CES 2020 trends and company-specific predictions
In a meeting with TechRadar, the CTA outlined a number of trends that would take center stage at this year’s show. The list included transportation and tourism (Delta Airlines have a keynote this year for the first time in the show’s history), data analytics and privacy, digital health, the global race for 5G, the consumerization of AI and, of course, 8K displays.
These are rather dense, multifaceted topics and while they’re massively important, they aren’t the kinds of things you’ll see on the show floor. If you want hard product news, that will come from many of the same suspects as last year, all of whom are listed below.
AMD at CES 2020
We're fully expecting AMD to come out with a line of high-end GPUs next year – maybe even as early as CES 2020. In past years, AMD has taken to the stage on Monday to deliver a keynote, and could potentially do the same this year. Last year AMD showed off its first ever 7-nanometer GPU, the Radeon VII, at CES 2019, so expect big things this year.
LG at CES 2020
Like Samsung, LG’s plans are easy to predict – it’s probably going to show off a new series of OLED TVs, plus give an updated release date for last year’s rollable OLED. Speaking of far-flung TVs we can't afford, CES 2020 will probably be the place LG officially debuts its transparent OLED prototype that it was showing behind closed doors at last year's show… though it will likely only be for businesses at first.
LG also uses CES to debut its new line of appliances including smart washers and dryers and nifty household gadgets like air purifiers and robot vacuums. Last year we saw a home brewing system and a smart cupboard that steams your clothes. Featuring a mirrored door with integrated display, automatically moving hangers, and a smart steaming system, it was a wildly different product than we were expecting to see at a tech trade show.
CES is also the time LG debuts its mid-range mobile phones. Last year we saw the LG V40 ThinQ, while back in 2017 LG brought the Stylus 3. Don't expect any flagship phones at this year's event,but it's Android phone fans should expect something.
Nvidia at CES 2020
After a half-dozen leaks, the next Nvidia Shield is all but guaranteed to make an appearance at CES this year. We don’t have any confirmed information at this point, but we suspect that the new micro-console will be able to connect to Stadia, Google’s upcoming game-streaming service, and potentially have Apple TV support.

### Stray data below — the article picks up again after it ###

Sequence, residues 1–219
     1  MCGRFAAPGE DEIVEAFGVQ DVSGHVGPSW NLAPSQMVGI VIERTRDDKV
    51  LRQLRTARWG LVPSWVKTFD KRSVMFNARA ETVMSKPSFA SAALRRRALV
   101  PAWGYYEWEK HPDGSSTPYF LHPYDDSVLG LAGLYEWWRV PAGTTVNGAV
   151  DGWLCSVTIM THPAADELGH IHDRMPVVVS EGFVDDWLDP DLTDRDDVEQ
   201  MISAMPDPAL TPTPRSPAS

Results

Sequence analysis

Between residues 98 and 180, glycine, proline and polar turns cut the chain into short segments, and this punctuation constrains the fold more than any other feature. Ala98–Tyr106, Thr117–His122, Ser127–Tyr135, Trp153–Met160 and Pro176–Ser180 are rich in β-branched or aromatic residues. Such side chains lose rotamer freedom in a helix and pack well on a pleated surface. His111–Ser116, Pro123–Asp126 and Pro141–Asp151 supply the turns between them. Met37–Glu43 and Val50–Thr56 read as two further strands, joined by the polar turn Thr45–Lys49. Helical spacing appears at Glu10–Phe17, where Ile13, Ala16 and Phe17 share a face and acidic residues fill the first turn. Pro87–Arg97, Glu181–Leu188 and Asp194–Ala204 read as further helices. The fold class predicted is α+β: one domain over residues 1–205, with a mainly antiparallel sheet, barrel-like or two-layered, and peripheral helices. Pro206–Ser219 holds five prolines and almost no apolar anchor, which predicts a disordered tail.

Last year Nvidia revealed its GeForce RTX Mobility graphics cards at CES 2019, alongside the RTX 2080 and other cards for gaming laptops. Will CES 2020 bring more of the same? We’ll just have to wait to find out.
Samsung at CES 2020
CES is always a big show for Samsung. It’s the place the company picks to roll out its latest QLED TVs, concept screens and monstrous custom-installs. Last year, the company debuted a new 219-inch TV called The Wall and gave us an updated look at its Tizen operating system that included Apple TV. This year, our money is on new QLED TVs with zero bezel – a rumor that has recently been corroborated by a patent filed with the European Union Intellectual Property Office.
Samsung has also been doing a lot more with its monitors and solid-state drive categories, so be sure to keep an eye out for those at the show, too.
Sony at CES 2020
Sony didn’t have a ton of new products to show off last year, but did bring its new Master Series Z9G TV to the show and debuted its new 360 Reality Audio format. We’ll likely see more of the latter this year as well as a few new TVs in the 950, 850, Z- and A-Series lineups plus some new 2.1 soundbars with Dolby Atmos.
Outside of the AV space, Sony will probably tease some PS5 news ahead of its official debut and talk up its gaming peripherals like the PlayStation VR. A full debut of the new console seems unlikely, especially considering the rough history Sony consoles have with CES, but we wouldn’t be surprised if it at least gets a mention during Sony’s Monday evening keynote.
- Here's a complete recap of everything that happened at CES 2019